The heart-placental axis is associated with parallel development of the placenta and heart that utilizes many common molecules and genes [11
] and reflects intimate and synergistic growth of both organs. Two important pathways critical to placental development, implantation, and cardiac development during the same period of early development are canonical Wnt/β
-catenin signaling and pathways associated with folate metabolism [17
]. If these pathways are altered, developmental anomalies ensue. Failure to maintain a pregnancy or have normal cardiac development may be due to abnormal placental function or cardiac function. Fetal loss can occur prior to usual detection of pregnancy at 5 to 6 weeks of gestation (estimated to be a significant percent of all fertilized embryos) or occurs later after initiation of the embryonic heartbeat. Placental volume blood flow is a major determinant of early cardiac output, fetal growth, and well-being [22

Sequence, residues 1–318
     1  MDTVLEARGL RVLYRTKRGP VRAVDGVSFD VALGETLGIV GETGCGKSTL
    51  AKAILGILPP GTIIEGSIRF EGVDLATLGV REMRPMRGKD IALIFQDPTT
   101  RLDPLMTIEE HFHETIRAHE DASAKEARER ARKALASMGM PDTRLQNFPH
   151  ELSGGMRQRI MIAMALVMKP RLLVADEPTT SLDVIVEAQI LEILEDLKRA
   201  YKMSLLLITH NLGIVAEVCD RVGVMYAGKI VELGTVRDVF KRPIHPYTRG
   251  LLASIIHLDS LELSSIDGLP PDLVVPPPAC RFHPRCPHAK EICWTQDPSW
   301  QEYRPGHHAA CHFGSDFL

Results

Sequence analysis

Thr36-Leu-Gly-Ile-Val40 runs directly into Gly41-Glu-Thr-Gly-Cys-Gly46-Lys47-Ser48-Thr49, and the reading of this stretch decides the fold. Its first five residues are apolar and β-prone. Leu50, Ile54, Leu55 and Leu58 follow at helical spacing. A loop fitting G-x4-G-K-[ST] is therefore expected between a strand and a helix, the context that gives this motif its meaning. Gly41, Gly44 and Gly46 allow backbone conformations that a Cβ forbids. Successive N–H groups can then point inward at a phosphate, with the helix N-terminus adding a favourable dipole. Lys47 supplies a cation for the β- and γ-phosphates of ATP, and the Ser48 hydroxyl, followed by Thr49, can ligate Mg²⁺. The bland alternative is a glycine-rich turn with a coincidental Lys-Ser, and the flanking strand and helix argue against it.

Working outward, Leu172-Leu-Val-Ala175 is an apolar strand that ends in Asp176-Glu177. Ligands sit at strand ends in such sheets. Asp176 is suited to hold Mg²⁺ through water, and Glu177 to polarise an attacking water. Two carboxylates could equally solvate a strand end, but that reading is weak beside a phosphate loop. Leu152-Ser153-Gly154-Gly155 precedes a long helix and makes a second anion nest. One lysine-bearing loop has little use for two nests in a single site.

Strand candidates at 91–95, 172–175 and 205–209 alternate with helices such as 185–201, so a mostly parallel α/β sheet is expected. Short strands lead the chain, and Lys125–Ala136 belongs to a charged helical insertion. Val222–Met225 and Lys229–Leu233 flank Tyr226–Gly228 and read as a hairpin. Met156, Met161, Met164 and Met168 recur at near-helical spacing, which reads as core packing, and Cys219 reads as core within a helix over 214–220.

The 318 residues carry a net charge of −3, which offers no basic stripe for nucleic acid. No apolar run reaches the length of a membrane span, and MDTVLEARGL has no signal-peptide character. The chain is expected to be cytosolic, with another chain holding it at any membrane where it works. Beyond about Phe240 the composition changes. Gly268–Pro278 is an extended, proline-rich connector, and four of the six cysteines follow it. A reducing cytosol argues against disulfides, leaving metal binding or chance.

]. The associated placental abnormality during gestation of the fetus with congenital heart disease has deleterious effects on the outcome of pregnancy. There may be such severe starvation of the fetal circulation and growth failure that growth arrest, severe hypoxemia and marginal cardiac output occur with spontaneous loss of the pregnancy. Premature delivery may result in birth of a neonate with poor prognosis related to the prematurity and low birth weight. Management of the neonate with prematurity and congenital heart disease is associated with a very high perinatal mortality.
The underlying mechanisms by which environmental exposures can result in congenital birth defects, as well as disease much later in life, have had no clear experimental definitions, but there is evidence that cellular processes associated with cell fate decisions and cell lineage modulation are involved [4